ByulMaro Astronomy Observatory, which opened in 2001 in Yeongwol, Gangwon province, provides both beautiful natural surroundings and apt conditions for astronomical observation, being located 800 meters (half a mile) above sea level on top of Mount Bongnae. Its four floors above ground and two underground contain one huge telescope with an 800-millimeter diameter lens and 15 supplementary telescopes with reflective and refracting lenses. Yeongwol is also good for stargazing because the sky is clear and the air is clean for about 190 days a year.
The observation hours are 2 p.m. to 10 p.m. in winter and 3 p.m. to 11 p.m. in summer. It opens from Tuesdays to Sundays. It closes on the Lunar New Year, Chuseok holidays and the day after every national holiday. The entrance fees are 5,000 won ($5) for those 19 or older, and 4,000 won for anyone younger.
By car, take the Gyeongbu Expressway and exit at Jecheon. Go to Yeongwol and turn left at the Yeongwol branch of the Chuncheon District Court. You'll see the sign to the observatory. By train, get off at Yeongwol station and take a cab for a 30-minute ride. For more information, visit www.yao.or.kr, or call (033) 374-7460.

Sejong Astronomical Observatory
This observatory, opened in 1998 in Yeoju, Gyeonggi province, is the largest private observatory in Korea. It has cutting-edge telescopes such as a 26-inch refracting astronomical telescope, but its main draw is a two-day “camp” for up to 600 people. Visitors can use its pottery room, ride ice sleds and make plaster casts (there’s even a swimming pool in summer). Participants are of course also able to use the several telescopes in its two observatory rooms. The camp costs 40,000 won per person and includes three meals. Reservations are mandatory.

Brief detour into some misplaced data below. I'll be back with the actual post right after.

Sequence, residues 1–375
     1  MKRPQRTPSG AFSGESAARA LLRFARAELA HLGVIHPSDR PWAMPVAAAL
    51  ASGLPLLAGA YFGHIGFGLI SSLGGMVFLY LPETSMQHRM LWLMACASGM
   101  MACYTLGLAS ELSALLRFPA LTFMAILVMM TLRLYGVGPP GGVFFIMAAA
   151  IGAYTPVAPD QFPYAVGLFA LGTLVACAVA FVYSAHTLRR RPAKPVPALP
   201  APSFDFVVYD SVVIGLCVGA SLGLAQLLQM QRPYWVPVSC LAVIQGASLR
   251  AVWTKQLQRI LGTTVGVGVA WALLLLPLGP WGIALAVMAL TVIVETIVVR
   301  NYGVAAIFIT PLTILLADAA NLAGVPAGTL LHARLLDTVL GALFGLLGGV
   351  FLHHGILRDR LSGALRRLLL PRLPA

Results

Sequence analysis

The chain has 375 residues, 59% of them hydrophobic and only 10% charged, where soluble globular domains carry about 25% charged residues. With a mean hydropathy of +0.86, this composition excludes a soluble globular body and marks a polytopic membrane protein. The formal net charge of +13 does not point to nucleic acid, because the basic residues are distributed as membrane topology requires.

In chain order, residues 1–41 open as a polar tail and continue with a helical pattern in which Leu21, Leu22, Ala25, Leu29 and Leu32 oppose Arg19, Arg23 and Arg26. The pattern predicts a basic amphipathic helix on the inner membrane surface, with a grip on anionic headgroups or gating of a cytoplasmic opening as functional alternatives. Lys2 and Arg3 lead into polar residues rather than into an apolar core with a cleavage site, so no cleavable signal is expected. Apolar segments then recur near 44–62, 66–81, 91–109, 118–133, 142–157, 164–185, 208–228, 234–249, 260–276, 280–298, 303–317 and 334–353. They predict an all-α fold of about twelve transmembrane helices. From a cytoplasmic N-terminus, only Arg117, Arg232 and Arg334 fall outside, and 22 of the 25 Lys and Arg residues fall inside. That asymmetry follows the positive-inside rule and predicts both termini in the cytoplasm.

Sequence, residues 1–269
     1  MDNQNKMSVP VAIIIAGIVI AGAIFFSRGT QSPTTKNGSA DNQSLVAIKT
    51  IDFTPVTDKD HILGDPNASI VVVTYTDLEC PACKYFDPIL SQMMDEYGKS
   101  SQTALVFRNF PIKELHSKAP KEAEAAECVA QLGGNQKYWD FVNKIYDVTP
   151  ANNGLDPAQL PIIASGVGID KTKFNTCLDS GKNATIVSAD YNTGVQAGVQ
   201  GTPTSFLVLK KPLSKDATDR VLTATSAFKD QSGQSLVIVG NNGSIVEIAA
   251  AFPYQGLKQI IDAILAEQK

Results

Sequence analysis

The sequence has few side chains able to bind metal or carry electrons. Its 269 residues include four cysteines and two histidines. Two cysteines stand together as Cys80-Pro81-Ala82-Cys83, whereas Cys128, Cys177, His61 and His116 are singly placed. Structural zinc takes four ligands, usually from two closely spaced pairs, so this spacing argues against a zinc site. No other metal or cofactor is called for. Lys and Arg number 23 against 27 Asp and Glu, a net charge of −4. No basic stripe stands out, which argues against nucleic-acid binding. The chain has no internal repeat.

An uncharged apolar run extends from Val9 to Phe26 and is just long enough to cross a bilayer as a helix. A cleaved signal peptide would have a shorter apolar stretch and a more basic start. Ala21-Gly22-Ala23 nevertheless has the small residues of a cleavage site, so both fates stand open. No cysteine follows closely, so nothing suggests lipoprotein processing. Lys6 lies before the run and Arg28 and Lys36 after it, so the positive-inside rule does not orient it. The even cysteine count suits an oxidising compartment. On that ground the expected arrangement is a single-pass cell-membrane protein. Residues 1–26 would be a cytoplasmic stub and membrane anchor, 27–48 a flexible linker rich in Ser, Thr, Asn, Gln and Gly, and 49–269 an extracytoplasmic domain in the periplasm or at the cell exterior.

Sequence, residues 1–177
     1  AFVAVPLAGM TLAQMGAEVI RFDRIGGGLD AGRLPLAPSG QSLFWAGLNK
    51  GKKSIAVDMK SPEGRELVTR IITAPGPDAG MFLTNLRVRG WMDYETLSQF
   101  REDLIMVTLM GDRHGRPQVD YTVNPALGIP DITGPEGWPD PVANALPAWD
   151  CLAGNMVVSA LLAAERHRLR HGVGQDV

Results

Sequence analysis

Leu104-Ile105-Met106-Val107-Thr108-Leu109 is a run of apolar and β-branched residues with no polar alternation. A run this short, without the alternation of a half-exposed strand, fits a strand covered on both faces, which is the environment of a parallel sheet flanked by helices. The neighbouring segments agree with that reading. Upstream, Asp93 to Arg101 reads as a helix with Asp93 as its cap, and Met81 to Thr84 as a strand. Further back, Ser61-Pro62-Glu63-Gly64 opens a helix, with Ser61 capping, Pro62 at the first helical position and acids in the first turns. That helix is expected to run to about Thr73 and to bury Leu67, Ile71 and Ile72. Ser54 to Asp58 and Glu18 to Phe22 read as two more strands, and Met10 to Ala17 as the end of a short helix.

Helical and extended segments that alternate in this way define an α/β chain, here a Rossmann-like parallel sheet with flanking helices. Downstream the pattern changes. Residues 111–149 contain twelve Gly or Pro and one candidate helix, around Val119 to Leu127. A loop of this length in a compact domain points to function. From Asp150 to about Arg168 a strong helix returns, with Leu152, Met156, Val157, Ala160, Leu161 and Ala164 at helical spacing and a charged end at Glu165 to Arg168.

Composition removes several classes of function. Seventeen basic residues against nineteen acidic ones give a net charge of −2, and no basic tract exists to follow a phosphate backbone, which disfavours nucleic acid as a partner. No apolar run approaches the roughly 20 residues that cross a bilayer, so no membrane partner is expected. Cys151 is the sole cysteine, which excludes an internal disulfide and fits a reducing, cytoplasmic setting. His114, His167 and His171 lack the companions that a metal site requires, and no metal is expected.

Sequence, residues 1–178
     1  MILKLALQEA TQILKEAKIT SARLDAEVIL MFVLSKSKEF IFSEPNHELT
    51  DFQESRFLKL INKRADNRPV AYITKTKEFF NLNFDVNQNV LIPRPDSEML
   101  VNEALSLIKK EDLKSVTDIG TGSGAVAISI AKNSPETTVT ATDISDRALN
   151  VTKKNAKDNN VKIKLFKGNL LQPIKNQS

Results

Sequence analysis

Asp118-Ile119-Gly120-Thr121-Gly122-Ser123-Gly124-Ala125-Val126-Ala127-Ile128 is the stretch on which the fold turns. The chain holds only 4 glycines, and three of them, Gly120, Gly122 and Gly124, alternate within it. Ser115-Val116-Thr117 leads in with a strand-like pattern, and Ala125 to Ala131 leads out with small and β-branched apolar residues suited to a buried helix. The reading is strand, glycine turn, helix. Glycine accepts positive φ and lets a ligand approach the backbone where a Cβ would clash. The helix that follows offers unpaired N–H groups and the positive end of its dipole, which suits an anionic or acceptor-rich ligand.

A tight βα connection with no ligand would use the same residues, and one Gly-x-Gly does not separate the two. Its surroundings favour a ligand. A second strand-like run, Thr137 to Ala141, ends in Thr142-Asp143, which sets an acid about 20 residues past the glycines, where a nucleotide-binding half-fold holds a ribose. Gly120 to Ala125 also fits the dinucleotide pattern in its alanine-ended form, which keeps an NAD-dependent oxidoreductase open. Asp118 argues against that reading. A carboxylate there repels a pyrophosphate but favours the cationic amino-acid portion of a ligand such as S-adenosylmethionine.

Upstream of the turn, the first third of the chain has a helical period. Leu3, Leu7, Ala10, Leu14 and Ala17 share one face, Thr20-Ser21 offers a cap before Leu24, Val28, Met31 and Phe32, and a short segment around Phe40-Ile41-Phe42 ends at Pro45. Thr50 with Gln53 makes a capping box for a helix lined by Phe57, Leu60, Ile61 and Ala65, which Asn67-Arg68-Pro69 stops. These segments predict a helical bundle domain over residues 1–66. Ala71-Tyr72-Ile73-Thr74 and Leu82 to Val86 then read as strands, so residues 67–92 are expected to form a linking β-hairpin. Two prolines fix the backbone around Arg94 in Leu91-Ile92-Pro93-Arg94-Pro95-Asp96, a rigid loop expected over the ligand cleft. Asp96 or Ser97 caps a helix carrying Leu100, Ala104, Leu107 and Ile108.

Take a bus at Gangnam Express Bus Terminal or Dongseoul Bus Terminal for Yeoju and at the terminal take a bus to Gamaseom. Get off at the last stop and walk for about 10 minutes.
By car, take the Gyeongbu Expressway and exit at Yeoju, heading to Yeoju-eup. Go straight and turn right at Yeoju University. Then turn right about 500 meters after passing the Yeoju Tunnel. For more information, visit www.sejongobs.co.kr or call (02) 3472-2620 or (031) 886-2200.

Taeduk Radio Astronomy Observatory
The observatory was established in 1986 in Daedeok, the “science town” in Daejeon. It is a part of the Korean Astronomy Observatory, a public research center for astronomy. It has a 14-meter telescope for aligned for millimeter-wave radio astronomy. The observatory is open to the public on Mondays only.
By train, get off at Daejeon station and take buses No. 105, 513 or 180. Get off at the Research Complex intersection and transfer to local buses No. 1 or 5. Get off at the Korean Astronomy Observatory. By car, take the Gyeongbu Expressway and exit at North Daejeon. For more information, visit www.trao.re.kr/trao/body_ko.html or call (042) 865-3282.
Reporting by Kong Jun-wan


by Park Sung-ha